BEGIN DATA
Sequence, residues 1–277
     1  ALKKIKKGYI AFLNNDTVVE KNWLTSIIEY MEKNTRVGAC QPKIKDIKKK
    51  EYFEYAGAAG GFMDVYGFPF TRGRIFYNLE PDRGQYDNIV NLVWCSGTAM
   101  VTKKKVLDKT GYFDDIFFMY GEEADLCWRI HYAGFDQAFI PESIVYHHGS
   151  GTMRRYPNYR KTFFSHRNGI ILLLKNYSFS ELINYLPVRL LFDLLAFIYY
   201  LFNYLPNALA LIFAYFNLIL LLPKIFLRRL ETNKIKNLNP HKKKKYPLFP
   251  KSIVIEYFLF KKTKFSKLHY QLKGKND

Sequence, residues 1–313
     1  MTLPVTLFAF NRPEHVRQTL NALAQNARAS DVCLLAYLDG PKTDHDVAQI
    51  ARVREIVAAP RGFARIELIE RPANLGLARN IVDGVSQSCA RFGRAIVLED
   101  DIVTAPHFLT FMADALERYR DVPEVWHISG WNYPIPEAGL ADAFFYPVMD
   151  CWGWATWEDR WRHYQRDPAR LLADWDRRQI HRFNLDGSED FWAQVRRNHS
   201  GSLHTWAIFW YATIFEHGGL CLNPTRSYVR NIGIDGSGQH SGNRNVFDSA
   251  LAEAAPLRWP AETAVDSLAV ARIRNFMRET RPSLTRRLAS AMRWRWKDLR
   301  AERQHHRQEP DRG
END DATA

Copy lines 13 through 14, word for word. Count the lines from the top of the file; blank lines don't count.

   201  GSLHTWAIFW YATIFEHGGL CLNPTRSYVR NIGIDGSGQH SGNRNVFDSA
   251  LAEAAPLRWP AETAVDSLAV ARIRNFMRET RPSLTRRLAS AMRWRWKDLR